Consequently, they stay put in a marriage visibly haunted by the threats of STDs (Sexually Transmitted Diseases). To whom would they turn to for counsels? Béatrice Zongo, a 42-year-old trader from Bobo, Burkina Faso, said her own mother advised her never to quit her womaniser husband. “My mother said in her time, her husband also womanised but she didn’t divorce him and today, she had succeeded in preserving their marriage. That if she had quit, one of those mistresses would have taken her place as the housewife.”
But perhaps that was olden times when life was safer. There wasn’t the reality of HIV-AIDS. Today, there is the utmost need of ‘double-protection’ which simply means protecting oneself and making sure one’s partner protect themselves. Safeguarding oneself and permitting one’s partner to lead a loose life is not a sane protection, because any evil that befalls them may trickle down home.
“I begged him to save his life and mine by using condoms whenever he goes out with his mistresses…I had to since he refused to be faithful.” Elise Tofonde said of her husband, a 52-year-old Togolese businessman with whom she has five children.
Acknowledging a husband’s promiscuity and admonishing him to think life by opting for safe-sex is a simple strategy that gives a sigh of relief, according to some women interviewed for this article. But, lovemaking as we all know can be tricky, slippery and uncontrollable. Would these housewives be there to verify if their husbands truly wore a condom?
“It’s a senseless admonition.” Lamented Doriane, a 45-year-old mother of three from Tanzania. “How can you encourage your husband to continue in promiscuity in the name of a ‘saving’ condom?…Definitely, he would agree and even cherish you more for quitting the role of nagger to a counsellor. But what about the consequences? Should he come with a disease; should he come with the news of impregnating a girl; should he come to tell you he’s met someone he loves more than you and calling for a divorce?” Doriane explained.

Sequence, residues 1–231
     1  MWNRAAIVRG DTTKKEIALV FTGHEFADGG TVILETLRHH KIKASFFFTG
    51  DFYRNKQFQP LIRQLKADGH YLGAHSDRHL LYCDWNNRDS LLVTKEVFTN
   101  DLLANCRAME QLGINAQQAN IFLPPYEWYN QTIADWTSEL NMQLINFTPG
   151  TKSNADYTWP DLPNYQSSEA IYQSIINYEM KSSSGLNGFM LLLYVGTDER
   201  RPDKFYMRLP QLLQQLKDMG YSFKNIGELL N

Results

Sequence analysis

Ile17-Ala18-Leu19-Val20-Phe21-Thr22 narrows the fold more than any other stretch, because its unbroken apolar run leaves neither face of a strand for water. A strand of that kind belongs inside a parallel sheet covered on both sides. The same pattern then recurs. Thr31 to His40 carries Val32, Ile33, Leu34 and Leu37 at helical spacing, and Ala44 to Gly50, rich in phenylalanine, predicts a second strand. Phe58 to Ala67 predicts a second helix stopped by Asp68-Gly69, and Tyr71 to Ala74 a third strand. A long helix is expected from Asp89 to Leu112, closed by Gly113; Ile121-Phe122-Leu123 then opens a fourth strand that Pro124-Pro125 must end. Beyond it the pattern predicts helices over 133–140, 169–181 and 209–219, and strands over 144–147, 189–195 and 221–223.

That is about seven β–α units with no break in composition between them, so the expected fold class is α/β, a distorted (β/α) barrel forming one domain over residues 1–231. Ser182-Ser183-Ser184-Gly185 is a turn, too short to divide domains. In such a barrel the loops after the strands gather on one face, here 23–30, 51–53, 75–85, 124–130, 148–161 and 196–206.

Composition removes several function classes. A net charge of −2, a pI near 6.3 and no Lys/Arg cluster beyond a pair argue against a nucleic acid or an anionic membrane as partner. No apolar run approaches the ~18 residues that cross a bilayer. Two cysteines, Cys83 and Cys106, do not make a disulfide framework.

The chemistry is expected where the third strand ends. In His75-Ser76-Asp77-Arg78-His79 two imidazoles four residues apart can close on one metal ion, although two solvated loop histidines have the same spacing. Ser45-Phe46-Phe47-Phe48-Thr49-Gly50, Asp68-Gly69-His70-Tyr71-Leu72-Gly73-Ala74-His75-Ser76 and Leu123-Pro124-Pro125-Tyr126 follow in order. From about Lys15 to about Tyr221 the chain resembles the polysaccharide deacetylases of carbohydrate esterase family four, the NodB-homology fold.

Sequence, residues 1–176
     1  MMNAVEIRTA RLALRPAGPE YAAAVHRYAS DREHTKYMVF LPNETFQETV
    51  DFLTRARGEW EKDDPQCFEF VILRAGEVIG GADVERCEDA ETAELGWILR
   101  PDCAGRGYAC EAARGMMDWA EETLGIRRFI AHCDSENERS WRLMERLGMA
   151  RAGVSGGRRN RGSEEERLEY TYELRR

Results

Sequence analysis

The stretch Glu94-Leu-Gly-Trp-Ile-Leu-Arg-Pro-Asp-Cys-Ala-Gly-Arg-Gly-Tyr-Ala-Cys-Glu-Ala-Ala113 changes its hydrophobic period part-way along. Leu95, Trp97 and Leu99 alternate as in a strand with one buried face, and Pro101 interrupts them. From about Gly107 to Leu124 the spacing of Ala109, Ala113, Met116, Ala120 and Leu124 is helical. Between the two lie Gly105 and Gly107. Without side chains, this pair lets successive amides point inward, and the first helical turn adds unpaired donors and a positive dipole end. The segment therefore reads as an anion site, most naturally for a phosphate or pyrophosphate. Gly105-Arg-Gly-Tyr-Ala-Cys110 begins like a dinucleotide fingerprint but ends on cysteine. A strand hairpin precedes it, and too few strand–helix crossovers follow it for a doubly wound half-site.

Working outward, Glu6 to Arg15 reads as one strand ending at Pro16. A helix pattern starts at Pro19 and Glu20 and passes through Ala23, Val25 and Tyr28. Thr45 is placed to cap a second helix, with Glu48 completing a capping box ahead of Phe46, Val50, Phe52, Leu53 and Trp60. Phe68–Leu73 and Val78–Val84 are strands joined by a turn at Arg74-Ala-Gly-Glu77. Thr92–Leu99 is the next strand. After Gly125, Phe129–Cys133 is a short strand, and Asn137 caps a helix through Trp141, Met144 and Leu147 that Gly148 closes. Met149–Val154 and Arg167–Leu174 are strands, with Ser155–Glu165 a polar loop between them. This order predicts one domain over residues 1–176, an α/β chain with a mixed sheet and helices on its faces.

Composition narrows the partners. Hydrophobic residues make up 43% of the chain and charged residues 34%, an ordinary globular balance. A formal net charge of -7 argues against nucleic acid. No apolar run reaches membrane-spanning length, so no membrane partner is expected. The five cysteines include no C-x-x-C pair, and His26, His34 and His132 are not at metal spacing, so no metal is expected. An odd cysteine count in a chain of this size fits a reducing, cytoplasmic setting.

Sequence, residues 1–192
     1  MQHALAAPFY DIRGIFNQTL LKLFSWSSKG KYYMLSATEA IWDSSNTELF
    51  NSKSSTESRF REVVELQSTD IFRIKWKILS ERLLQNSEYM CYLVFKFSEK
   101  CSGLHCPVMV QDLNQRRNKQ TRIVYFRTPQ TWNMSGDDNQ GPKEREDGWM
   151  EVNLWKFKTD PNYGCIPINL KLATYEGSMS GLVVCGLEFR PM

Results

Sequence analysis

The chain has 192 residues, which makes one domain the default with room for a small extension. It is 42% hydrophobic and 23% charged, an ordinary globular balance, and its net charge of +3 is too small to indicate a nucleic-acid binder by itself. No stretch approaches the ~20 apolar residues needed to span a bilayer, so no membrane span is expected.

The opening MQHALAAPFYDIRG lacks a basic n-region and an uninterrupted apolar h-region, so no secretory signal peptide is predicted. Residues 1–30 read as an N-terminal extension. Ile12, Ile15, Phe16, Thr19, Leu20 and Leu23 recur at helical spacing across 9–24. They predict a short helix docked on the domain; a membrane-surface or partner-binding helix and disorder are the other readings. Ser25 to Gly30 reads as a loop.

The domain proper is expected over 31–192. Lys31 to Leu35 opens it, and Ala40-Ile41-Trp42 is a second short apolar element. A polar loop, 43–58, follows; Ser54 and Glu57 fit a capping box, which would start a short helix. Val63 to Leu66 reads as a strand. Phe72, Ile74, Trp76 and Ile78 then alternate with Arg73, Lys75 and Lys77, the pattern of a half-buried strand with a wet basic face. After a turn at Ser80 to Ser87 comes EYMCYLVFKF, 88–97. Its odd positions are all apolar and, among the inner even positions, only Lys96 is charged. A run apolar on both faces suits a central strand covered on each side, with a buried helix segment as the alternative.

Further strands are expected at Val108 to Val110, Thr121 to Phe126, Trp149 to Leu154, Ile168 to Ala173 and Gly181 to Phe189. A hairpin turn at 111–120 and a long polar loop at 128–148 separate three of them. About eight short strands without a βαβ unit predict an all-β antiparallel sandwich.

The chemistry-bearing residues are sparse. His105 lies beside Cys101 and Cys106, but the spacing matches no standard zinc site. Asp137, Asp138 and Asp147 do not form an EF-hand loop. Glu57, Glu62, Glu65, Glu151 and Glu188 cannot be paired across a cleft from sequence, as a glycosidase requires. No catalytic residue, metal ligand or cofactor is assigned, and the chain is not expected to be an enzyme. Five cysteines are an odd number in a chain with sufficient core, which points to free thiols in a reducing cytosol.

Clearly, most of these housewives are still in a quandary about their future as married women. There exists an intense conflict in the soul. Should I quit to save my life? If I do, what about my kids that he would definitely seize? How would my own family regard me henceforth? Could I ever remarry?
And then, what if I stay put and he comes to infect me with the dreaded HIV? My life and my ambitions would be over. Neither my family nor the society I fear not to offend could heal me of AIDS. Therefore, what should I do?
The only somewhat reasonable solution eked out was: “Choosing and getting married to a God-fearing man; and then, staying prayerful all through your married life.” According to Josephine Oloye, a 62-year-old mother and grandmother from Ibadan, Nigeria.
But Francis, Agnes’ late husband was a Christian. How come he messed up? Perhaps Agnes was not praying enough.
These fears express the volatile sexual attitudes of men. Women have experienced the oddest – the most trusted husband becoming the worst villain. But so long as we cannot probably exist in isolation while banning the opposite sex, we’re bound to embrace love, marry and procreate. Whatever erupts from it is life, and such is life!